- Poster presentation
- Open Access
A "prime-pull" immunotherapy approach using a lentiviral vector and intratumoral TLR4 agonist redirects cytotoxic T cells
© Albershardt et al.; licensee BioMed Central Ltd. 2014
- Published: 6 November 2014
- Tumor Bear Mouse
- TLR4 Agonist
- Intratumoral Injection
- Immune Effector Cell
- Tumor Challenge
The clinical efficacy of tumor specific effector T cells is limited by their proper trafficking to the site of the tumor and the locally immunosuppressive environment. Strategies to improve homing and activity of immune effector cells to tumors are needed to unlock the potential of active cancer immunotherapy.
B16F10-OVA melanoma bearing C57BL/6 mice were immunized with the lentiviral vector DCVex on 10 days after tumor challenge to induce OVA specific effector and memory CD8 T cells. Mice were then treated 12 days later intratumorally with the TLR4 agonist GLAAS (glucopyranosyl adjuvant system), which induces the T cell homing chemokines CXCL9 and CXCL10. Control mice received no treatment or only intratumoral GLAAS injection. Tumors were excised, homogenized, and the number and phenotype of OVA-specific infiltrating lymphocytes were analyzed via flow cytometry by staining cells with phenotyping cell surface markers and OVA-pentamers. Analysis was done 0, 24, and 48 hours after GLAAS injection.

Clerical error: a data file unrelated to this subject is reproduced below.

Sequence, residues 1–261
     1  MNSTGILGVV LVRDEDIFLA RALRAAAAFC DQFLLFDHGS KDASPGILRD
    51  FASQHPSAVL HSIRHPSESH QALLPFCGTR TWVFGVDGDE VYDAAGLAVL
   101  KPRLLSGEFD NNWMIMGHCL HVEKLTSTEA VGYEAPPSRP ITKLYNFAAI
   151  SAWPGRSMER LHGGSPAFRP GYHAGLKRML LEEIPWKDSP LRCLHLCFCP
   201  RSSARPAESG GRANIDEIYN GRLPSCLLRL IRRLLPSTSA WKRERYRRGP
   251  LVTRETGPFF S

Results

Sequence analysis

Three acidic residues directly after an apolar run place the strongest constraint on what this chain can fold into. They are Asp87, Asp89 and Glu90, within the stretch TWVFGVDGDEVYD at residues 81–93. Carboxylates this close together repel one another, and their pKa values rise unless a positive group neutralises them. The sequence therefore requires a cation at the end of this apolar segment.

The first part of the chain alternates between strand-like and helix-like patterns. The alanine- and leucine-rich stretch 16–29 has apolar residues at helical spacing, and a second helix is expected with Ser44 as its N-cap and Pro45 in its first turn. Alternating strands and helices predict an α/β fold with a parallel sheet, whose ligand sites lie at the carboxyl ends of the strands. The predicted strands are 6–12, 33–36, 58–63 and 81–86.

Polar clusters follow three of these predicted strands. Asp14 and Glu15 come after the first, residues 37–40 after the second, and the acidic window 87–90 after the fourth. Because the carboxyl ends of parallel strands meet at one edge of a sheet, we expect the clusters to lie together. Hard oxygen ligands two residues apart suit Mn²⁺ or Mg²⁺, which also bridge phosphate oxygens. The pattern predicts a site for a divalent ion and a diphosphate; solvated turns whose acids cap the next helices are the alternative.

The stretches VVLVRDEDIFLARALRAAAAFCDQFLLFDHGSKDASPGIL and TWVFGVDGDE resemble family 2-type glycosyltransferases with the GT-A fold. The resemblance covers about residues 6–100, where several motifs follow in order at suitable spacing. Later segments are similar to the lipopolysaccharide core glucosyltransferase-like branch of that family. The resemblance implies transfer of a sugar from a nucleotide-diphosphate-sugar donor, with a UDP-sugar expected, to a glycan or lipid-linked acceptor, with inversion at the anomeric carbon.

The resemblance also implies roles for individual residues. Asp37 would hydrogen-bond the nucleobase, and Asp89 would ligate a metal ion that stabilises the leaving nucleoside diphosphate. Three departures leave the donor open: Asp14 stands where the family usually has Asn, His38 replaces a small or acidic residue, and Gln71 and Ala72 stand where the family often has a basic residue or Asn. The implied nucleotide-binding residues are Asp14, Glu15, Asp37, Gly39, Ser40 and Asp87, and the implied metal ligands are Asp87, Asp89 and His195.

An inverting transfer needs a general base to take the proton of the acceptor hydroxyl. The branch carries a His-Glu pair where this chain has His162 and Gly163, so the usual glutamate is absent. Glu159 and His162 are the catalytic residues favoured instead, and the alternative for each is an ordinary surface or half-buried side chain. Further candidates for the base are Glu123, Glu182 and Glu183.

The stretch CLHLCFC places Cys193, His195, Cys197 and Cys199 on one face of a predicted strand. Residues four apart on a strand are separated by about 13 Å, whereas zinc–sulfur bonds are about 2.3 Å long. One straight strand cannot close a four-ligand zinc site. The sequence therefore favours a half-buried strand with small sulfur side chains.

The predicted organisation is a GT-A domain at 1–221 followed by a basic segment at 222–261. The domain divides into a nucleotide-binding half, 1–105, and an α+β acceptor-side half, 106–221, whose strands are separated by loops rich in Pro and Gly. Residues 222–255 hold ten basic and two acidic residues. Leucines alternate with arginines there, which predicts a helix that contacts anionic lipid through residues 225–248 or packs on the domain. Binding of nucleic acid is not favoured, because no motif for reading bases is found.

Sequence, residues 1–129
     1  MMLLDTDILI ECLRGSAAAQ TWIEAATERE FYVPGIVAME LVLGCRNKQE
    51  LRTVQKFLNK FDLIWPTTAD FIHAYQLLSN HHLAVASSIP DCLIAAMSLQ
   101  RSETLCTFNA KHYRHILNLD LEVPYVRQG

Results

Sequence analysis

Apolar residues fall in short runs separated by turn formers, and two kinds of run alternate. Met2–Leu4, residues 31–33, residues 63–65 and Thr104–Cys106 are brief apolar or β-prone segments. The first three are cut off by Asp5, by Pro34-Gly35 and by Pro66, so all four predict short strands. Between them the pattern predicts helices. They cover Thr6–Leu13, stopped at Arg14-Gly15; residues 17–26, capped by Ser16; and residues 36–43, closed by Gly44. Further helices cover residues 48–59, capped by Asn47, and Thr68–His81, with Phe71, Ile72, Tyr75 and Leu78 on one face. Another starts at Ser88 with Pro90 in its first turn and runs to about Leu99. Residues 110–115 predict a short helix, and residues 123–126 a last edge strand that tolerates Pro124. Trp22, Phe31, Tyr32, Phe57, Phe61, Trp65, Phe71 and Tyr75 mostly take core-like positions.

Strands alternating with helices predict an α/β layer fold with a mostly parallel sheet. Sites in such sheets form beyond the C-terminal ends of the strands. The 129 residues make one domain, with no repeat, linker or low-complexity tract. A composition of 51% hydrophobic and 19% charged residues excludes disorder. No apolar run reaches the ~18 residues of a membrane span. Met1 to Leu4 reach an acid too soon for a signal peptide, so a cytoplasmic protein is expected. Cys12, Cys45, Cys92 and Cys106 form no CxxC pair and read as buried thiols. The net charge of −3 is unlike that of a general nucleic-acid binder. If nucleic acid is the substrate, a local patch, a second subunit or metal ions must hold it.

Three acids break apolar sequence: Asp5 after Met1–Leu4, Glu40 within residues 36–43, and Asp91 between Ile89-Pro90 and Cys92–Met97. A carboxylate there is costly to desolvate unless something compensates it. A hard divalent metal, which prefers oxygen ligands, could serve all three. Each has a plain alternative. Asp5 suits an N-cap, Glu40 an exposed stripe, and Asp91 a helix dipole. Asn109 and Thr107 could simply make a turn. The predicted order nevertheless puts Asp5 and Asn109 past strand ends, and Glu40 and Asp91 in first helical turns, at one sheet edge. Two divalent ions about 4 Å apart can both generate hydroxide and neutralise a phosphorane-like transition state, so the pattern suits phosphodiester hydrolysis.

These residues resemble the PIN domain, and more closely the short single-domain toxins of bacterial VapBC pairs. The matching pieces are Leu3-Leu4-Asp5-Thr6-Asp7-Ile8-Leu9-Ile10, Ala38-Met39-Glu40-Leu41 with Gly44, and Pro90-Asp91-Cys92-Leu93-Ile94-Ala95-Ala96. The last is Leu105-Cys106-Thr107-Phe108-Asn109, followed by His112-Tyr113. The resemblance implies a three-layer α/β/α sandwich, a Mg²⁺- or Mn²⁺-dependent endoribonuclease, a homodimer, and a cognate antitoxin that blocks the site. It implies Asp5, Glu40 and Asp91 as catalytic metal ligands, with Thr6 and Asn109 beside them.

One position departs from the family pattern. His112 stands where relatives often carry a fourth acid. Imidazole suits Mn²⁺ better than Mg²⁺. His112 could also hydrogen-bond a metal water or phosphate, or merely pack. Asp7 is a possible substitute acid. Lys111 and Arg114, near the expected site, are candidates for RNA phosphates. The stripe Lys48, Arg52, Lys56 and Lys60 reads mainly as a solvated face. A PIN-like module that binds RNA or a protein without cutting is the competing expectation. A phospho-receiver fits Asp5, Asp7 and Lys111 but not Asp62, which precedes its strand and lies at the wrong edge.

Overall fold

Untreated, B16F10-OVA tumor bearing mice had no evidence of OVA specific CD4 or CD8 T cells by flow cytometry analysis. In contrast, a single injection with DCVex-OVA induced a peak response of 8-9% specific CD8 cells, which were detectable at low levels up to 35 days post-immunization. Intratumoral GLA administration of tumor bearing, DCVex immunized mice resulted in a mean of 7-fold intratumoral increase in OVA specific CD8 T cells, compared to mice treated with GLA only or left untreated.
Intratumoral injection of the TLR4 agonist GLAAS effectively redirects systemically induced CD8 T cells to the site of the tumor. Because GLAAS also stimulates antigen presentation and maturation of dendritic cells, the prime-pull approach may be a very effective way to overcome two major barriers to active cancer immunotherapy.
This article is published under license to BioMed Central Ltd. This is an Open Access article distributed under the terms of the Creative Commons Attribution License (http://creativecommons.org/licenses/by/4.0), which permits unrestricted use, distribution, and reproduction in any medium, provided the original work is properly cited. The Creative Commons Public Domain Dedication waiver (http://creativecommons.org/publicdomain/zero/1.0/) applies to the data made available in this article, unless otherwise stated.